July 9, 2014

THE SKED Series Premiere Review: “Finding Carter”


FINDING CARTER:  Tuesday 10PM on MTV – Potential DVR Alert

Most YA drama, in one way or another, is about the emotional dislocation of being a teen, and in recent years, the reigning trope has been to externalize the theme supernaturally:  the teen discovers that he/she is a vampire, an alien, a witch, a mutant, a savior–literally “divergent.”  MTV’s promising new series FINDING CARTER approaches the idea in a more literal way.

16-year old Carter Stevens (Kathryn Prescott) has a happy, close relationship with her single mom Lori (Milena Govich)–only to discover, when her fingerprints are checked after being taken into custody for a teen prank, that Lori isn’t her mother at all, but her kidnapper.  13 years earlier, Lori abducted Carter from her birth family, the Wilsons, and now Lori’s on the run (she’s enigmatically told Carter that there’s more to the story of her crime, but that’s all we know for now), and Carter’s been returned “home.”  The family she comes into is complicated and emotionally ragged, scarred by the years of Carter’s absence.  Her twin sister Taylor (Anna Jacoby-Heron) is a dutiful but resentful good girl, who’s been compensating for years for the loss of her sister; younger brother Grant (Zac Pullam) is mostly ignored, and he takes refuge in bitter one-liners.  Carter’s father David (Alexis Denisof) appears to be easygoing, but he’s a writer whose biggest success came from his memoir of the abduction, and pressure is on him to write–against Carter’s will–a follow-up.  Most difficult of all is Carter’s relationship with her biological mother Elizabeth (Cynthia Watrous), an emotionally broken, tightly-wound police detective who mostly expresses her anger and profound terror in unproductive ways, like the affair she’s been carrying on with her partner, and her quest to track down the woman who stole and raised her daughter.

Carter, whose upbringing with Lori has been this side of bohemian (sex, drinking and leisure drugs are part of her lifestyle) probably wouldn’t fit in with the Wilsons even in the best of circumstances, but she’s a live wire of anger and alienation thrown into this pool.  She’s also perceptive, intuitive and self-destructive; she knows within minutes just how to push Elizabeth’s buttons, and before long she’s semi-consciously making a play for Taylor’s best friend Gabe (Caleb Ruminer), despite knowing that her sister wants to be more than his buddy (lurking in the background: none of the teens know that Gabe’s father is Elizabeth’s lover), and even though Carter has her own boyfriend, amiable slacker Max (Alex Saxon).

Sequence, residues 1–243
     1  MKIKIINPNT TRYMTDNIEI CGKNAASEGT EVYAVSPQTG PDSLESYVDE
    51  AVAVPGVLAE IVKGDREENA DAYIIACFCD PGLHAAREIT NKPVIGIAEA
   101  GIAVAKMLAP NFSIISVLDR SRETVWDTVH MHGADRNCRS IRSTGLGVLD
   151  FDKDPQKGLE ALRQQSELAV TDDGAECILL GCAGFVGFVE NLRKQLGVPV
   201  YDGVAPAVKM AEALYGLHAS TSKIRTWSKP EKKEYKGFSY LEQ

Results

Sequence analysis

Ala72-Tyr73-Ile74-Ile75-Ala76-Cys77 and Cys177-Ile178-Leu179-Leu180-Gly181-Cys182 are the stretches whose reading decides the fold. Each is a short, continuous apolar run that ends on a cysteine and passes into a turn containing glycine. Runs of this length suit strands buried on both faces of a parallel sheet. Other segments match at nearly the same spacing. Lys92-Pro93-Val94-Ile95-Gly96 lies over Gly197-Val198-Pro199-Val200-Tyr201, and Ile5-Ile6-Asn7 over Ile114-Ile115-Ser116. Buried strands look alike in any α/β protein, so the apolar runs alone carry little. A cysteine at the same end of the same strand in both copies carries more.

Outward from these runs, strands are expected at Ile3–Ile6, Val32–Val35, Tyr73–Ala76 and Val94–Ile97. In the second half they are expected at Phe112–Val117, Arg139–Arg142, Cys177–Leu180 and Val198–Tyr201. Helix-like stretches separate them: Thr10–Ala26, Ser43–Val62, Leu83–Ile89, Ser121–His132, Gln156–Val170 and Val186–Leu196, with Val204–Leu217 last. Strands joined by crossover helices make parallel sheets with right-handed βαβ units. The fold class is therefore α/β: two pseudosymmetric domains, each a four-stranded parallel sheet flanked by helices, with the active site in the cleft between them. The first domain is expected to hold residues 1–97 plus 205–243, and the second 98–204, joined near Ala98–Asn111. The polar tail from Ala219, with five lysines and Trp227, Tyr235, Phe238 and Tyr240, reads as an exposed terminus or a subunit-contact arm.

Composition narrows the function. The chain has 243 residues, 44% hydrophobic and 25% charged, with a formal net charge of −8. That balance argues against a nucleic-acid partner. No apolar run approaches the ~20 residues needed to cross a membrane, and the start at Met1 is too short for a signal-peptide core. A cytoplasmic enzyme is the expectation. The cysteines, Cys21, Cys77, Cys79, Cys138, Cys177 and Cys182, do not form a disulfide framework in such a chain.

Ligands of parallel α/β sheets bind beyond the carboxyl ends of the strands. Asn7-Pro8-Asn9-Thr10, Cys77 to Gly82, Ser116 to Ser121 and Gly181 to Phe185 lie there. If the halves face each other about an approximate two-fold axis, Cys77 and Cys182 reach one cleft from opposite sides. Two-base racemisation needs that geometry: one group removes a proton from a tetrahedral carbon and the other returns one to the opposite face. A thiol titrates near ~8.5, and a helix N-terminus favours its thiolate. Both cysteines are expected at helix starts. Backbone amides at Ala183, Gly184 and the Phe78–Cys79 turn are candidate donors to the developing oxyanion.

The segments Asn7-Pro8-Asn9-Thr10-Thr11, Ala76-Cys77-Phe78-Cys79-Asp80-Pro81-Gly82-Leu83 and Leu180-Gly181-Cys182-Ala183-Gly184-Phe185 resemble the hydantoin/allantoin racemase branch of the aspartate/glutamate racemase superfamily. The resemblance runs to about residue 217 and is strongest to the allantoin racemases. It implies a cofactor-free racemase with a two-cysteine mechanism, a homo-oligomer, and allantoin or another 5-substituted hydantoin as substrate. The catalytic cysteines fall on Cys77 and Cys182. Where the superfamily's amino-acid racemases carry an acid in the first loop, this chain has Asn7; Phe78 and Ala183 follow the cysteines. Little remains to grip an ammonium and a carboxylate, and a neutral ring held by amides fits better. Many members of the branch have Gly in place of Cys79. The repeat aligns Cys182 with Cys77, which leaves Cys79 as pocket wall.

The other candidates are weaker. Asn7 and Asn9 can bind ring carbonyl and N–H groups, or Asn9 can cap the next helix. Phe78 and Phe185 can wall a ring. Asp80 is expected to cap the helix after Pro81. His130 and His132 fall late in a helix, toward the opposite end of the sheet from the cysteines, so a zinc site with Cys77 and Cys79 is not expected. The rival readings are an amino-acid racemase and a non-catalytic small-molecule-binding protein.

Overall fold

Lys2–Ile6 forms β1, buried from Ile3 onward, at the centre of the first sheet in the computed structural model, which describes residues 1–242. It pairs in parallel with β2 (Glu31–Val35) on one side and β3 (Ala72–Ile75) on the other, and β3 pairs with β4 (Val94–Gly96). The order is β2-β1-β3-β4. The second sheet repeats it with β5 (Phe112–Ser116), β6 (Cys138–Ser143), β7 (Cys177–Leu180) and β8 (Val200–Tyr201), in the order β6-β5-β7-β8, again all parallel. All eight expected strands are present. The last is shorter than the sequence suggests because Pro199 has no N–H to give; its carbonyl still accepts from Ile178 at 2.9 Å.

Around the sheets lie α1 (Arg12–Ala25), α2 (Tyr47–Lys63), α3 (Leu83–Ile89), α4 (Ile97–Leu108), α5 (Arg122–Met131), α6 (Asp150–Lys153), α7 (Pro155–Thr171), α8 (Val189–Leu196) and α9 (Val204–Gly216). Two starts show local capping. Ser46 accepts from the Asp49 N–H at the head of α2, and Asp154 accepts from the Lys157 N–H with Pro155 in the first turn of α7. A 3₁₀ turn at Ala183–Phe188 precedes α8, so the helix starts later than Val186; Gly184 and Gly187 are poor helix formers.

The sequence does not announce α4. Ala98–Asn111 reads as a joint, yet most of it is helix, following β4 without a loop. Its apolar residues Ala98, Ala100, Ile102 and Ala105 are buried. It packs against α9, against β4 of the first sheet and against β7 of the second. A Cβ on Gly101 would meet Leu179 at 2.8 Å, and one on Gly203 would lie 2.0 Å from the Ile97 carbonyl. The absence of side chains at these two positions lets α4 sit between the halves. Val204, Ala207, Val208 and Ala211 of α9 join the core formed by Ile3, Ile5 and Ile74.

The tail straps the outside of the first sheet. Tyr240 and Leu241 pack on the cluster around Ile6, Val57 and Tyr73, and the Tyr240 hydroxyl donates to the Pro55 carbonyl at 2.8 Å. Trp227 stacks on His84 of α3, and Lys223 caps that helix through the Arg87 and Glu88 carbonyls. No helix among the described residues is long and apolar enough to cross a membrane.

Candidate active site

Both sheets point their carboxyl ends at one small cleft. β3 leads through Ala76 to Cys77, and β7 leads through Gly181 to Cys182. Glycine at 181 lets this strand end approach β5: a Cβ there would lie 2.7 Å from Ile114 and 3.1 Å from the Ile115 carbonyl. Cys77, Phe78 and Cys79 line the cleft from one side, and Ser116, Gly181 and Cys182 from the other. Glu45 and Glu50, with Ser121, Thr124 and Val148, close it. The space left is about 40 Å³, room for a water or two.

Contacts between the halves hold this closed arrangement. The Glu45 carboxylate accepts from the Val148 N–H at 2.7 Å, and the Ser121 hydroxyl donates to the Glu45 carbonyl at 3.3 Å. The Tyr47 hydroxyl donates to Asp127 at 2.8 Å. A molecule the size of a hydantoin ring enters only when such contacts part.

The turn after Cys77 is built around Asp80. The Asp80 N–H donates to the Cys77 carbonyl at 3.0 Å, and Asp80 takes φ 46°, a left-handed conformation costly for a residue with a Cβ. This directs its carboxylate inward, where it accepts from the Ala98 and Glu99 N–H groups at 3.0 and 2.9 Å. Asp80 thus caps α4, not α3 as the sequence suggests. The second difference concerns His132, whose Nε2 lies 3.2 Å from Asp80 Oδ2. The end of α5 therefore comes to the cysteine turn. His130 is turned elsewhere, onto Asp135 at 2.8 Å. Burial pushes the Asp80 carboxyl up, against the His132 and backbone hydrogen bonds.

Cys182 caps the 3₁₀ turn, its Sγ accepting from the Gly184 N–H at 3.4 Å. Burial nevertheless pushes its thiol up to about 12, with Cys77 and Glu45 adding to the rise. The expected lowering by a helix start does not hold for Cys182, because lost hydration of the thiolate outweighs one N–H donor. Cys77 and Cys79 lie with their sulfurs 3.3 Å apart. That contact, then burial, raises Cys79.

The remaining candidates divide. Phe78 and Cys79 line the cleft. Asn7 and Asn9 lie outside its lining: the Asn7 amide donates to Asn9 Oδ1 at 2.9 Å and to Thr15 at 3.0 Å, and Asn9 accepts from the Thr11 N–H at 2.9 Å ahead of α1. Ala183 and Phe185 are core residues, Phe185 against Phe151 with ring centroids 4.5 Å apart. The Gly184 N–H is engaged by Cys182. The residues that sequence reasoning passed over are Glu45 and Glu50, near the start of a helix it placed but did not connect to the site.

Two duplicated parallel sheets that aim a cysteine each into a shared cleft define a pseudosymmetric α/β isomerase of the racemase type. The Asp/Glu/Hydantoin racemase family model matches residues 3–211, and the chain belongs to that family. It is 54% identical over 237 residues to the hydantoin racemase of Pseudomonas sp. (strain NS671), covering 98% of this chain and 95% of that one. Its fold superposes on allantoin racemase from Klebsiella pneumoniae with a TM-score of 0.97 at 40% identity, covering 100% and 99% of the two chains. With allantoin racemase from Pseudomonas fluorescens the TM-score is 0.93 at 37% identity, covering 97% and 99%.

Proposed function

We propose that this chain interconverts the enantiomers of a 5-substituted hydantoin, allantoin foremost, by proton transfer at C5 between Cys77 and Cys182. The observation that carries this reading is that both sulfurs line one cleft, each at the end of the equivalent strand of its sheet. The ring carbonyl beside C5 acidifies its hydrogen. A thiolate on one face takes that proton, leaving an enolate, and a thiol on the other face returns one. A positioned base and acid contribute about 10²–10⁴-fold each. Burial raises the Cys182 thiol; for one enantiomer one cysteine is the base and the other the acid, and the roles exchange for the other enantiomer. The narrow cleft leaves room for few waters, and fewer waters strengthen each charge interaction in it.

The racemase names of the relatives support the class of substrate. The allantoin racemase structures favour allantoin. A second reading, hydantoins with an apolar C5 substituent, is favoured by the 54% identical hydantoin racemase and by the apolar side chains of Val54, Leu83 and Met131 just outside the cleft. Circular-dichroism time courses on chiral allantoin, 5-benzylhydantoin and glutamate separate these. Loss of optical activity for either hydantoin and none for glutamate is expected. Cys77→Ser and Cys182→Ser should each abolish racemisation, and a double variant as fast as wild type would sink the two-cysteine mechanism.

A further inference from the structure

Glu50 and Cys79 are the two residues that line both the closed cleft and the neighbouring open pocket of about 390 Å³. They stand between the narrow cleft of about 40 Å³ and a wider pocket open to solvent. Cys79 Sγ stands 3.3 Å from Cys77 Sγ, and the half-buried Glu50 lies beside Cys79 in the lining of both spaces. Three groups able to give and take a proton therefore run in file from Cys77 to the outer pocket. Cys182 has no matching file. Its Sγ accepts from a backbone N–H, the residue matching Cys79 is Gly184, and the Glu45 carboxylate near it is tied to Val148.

All of this is skillfully set out in the pilot, written by series creator Emily Silver and showrunner Terri Minsky, and the show’s second hour, written by Minsky (both hours directed by Scott Speer).  The second episode gets down to the business of being a TV series about a girl in high school, but even here, Carter’s new sidekicks are a bit more interesting than the norm, school bookie/shady entrepreneur Ofe (Jesse Carere) and wealthy young artist Bird (Vanessa Morgan).  What sets Finding Carter apart from most teen and young adult shows (Chasing Life being a current egregious example) is that so far, the characters are relatively smart–they make bad, sometimes disastrous decisions (Carter is briefly in a coma after some party drugs), but those decisions flow out of their characters, not writers-room contrivances.  Carter is likable and, as played by Prescott, extremely charismatic, but she’s also got a mean streak (as she explains to another character, “My other mom’s a felon, and I take after her.”), while Elizabeth knows her singleminded pursuit of Lori will stand in the way of the relationship she desperately wants with her daughter, but she can’t help herself.  The dialogue, not unusually for this genre, tends to be on the bluntly clear side, especially in family therapy sequences, but there’s also a bracing amount of dry humor.

Although the production values of Finding Carter are standard for low-budget basic cable drama, the acting is first-rate, with Prescott, Watrous and Jacoby-Heron standouts for their ability to pull multiple motivations out of their characters’ actions.  Like The Fosters, another series that tries to deal with real-world teen problems at a heightened level, Finding Carter will have to find its balance between melodrama and believability.  Initially, though, it seems to have a strong handle on its arresting premise.


About the Author

Mitch Salem
MITCH SALEM has worked on the business side of the entertainment industry for 20 years, as a senior business affairs executive and attorney for such companies as NBC, ABC, USA, Syfy, Bravo, and BermanBraun Productions, and before that, at the NY law firm of Weil, Gotshal & Manges. During all that, he has more or less constantly been going to the movies and watching TV, and writing about both since the 1980s. His film reviews also currently appear on and In addition, he is co-writer of an episode of the television series "Felicity."